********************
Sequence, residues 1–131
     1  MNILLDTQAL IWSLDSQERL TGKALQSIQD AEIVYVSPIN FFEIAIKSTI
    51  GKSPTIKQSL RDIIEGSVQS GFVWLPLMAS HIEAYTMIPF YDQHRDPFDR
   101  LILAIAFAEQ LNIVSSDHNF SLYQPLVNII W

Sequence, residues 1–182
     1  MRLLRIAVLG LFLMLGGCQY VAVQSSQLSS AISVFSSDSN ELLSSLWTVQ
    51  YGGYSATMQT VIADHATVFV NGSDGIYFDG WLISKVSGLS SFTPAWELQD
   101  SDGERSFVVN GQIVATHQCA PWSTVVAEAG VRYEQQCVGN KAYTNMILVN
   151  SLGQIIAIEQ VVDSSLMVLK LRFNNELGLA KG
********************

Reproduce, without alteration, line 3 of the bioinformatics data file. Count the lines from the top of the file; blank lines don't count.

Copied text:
    51  GKSPTIKQSL RDIIEGSVQS GFVWLPLMAS HIEAYTMIPF YDQHRDPFDR